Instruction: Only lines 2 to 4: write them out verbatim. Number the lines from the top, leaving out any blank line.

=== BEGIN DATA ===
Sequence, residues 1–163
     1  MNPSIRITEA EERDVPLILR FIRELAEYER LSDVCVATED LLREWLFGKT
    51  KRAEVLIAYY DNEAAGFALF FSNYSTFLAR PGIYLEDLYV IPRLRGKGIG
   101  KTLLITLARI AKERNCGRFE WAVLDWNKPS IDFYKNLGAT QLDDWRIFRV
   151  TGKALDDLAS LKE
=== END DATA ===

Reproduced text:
     1  MNPSIRITEA EERDVPLILR FIRELAEYER LSDVCVATED LLREWLFGKT
    51  KRAEVLIAYY DNEAAGFALF FSNYSTFLAR PGIYLEDLYV IPRLRGKGIG
   101  KTLLITLARI AKERNCGRFE WAVLDWNKPS IDFYKNLGAT QLDDWRIFRV